My initial conclusion was that something was just broken. That somehow the few years of alcohol and drugs and abuse forged some permanent pathways in my brain and now I was some sexually deviant freak. I was certain, absolutely dead certain, that i was the only person this had ever happened to and other survivors would be horrified to hear my story. I even questioned my own narrative: did it really go down the way i remember it? Am I a fraud? Did I really want it, after all? I would see people say things like “all girls secretly want to be raped” and I would be angry because it was so disgustingly awful, and I would be ashamed because, for me, it was a little bit true. It’s girls like me that make people say those things, I thought.

That’s an awful, irrational burden to bear. That a survivor would see her very existence as a propagation of rape culture seems insane, but that’s what had happened. My talk about Feminism and Empowerment rang hollow in my own ears. I felt so desperately alone, unwanted, monstrous and so deeply, deeply ashamed. I didn’t dare expose the depths of my depravity to my partner. First, they might leave, suddenly realizing the extent of my crazy. Even worse, having seen my vulnerable secret, they might use it against me.

Not to mention, it was dangerous. Once, before I had my realization, I confessed some of my feelings to my then boyfriend. SpecificAlly, I told him I would like him to choke me. The first time, he was understandably apprehensive, tentative. Still, I remember nearly blacking out before having an orgasm that encompassed my whole body. I’d never come that hard or that completely. I asked him to do it again.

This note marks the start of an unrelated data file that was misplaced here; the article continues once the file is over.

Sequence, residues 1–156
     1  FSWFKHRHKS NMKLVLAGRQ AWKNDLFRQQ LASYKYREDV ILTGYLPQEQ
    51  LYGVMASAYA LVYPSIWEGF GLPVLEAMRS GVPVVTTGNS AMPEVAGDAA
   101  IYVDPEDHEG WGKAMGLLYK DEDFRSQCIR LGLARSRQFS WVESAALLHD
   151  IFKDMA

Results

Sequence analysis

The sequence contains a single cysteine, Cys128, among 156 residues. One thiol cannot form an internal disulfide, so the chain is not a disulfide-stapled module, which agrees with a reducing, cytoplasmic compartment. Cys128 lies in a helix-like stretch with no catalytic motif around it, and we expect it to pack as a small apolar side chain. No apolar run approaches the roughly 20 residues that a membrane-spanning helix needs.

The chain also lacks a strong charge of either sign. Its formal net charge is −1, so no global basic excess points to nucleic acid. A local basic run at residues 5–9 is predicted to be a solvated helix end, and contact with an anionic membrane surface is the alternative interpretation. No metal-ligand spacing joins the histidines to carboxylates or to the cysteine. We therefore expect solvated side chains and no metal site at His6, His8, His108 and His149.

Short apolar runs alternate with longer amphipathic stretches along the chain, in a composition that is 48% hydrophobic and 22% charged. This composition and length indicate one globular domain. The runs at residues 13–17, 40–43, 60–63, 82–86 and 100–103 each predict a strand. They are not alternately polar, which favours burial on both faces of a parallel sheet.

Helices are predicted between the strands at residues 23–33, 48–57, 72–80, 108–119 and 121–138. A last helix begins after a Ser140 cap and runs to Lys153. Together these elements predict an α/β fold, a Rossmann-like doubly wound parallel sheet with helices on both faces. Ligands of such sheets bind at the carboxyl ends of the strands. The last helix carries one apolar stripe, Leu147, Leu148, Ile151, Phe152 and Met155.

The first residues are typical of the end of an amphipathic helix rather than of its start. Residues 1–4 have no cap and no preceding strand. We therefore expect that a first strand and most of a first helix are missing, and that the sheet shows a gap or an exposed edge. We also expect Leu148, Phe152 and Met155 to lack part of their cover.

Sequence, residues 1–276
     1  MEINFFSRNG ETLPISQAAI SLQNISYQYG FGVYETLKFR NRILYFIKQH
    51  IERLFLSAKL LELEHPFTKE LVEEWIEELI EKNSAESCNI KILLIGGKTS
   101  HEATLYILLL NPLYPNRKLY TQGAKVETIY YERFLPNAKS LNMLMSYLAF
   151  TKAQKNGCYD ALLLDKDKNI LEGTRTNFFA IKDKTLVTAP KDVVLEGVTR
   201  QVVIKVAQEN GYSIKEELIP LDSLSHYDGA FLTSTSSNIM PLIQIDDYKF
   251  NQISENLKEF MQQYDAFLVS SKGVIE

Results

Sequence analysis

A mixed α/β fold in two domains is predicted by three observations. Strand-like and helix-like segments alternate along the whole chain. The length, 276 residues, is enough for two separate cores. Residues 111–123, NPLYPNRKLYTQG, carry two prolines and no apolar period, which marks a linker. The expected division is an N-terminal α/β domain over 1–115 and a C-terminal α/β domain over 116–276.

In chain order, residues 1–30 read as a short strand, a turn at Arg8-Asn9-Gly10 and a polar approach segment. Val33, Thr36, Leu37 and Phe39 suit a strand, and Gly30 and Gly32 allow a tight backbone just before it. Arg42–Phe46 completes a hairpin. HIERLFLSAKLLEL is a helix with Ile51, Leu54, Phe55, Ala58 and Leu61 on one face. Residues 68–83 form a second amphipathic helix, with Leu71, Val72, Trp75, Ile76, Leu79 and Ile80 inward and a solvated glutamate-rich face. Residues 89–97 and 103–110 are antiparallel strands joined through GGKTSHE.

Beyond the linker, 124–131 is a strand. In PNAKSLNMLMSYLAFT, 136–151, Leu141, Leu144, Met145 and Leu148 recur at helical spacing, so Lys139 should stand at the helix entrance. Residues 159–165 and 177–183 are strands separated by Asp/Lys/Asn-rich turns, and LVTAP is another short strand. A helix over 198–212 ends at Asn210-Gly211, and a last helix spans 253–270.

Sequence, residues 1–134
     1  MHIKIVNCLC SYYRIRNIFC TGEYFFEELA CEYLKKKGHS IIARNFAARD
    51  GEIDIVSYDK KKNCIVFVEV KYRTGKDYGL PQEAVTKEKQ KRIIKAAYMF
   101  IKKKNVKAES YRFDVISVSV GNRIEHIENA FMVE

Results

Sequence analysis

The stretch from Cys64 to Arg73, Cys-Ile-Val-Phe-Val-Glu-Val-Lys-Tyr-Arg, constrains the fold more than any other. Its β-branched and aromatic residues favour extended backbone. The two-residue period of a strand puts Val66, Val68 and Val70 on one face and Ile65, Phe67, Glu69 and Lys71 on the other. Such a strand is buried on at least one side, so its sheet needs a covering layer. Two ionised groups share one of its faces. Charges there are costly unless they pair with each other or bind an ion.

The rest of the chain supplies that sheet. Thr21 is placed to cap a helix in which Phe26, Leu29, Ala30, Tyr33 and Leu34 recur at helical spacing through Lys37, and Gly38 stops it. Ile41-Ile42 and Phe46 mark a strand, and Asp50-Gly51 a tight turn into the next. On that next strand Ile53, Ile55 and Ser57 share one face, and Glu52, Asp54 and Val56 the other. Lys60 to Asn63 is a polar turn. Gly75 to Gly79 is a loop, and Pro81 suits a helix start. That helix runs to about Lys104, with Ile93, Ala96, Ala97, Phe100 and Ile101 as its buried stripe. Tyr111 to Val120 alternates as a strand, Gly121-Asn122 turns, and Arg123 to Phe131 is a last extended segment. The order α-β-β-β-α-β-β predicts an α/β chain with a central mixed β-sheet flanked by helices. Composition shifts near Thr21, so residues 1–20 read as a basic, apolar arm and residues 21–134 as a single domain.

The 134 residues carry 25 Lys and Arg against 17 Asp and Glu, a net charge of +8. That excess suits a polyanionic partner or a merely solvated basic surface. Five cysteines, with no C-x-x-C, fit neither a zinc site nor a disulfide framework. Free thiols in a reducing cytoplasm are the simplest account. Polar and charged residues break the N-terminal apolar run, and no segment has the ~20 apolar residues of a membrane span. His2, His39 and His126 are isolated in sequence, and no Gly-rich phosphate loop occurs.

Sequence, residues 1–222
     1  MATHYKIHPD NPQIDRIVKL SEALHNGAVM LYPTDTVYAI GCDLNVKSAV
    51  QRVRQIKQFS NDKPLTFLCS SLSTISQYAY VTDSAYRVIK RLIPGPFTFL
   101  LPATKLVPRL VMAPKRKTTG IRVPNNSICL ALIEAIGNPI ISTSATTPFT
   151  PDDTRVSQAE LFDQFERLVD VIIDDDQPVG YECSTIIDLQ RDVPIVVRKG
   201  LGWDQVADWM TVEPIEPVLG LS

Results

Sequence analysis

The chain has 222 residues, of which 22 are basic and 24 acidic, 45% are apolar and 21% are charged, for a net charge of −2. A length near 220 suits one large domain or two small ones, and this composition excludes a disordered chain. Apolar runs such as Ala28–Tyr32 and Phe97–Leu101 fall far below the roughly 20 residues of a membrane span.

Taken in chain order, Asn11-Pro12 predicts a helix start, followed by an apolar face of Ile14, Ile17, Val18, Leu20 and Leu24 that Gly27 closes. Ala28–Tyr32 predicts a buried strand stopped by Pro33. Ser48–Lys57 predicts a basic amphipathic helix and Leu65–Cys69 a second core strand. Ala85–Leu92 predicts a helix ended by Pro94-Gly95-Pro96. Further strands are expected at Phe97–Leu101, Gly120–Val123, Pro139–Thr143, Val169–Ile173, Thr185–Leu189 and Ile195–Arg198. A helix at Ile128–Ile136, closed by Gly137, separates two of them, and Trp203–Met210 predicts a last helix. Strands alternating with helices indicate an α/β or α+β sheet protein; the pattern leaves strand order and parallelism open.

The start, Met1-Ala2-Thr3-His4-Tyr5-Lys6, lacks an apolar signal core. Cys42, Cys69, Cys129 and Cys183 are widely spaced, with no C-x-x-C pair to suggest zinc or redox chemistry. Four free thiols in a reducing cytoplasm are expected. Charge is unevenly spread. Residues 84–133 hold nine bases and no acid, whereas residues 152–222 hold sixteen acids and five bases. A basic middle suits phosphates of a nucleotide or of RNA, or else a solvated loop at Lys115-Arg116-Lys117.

The second time, he was stronger. He didn’t hold back and even after I came, he didn’t stop. I felt he would break my neck, he was pressing me into the bed so hard. It wasn’t until I finally scratched him in the face that he came to his senses. He refused to try again.

I stopped asking people to choke me after that. Bondage, sure, candle wax, but the other stuff lived in my head, a fantasy to help me along in bed.

I had never heard of hypersexuality, or of Rape Trauma Syndrome. I didn’t know that increased libido and paraphilic desires were a part of Bipolar disorder and Borderline personality disorder. I didn’t know that i was not alone.

My first therapist was the one to tell me that these feelings didn’t make me a monster. I am not the first, nor will I, unfortunately, be the last person who experiences these feelings after or as a result of a sexual attack. Hearing that from him helped, as has listening to similar stories on the podcast and seeking out some information online. That doesn’t mean that i don’t still feel it, though, the feelings of guilt and fraudulence. But I know, at least on a cognitive level, that I don’t deserve to feel guilty.

That makes a world of difference.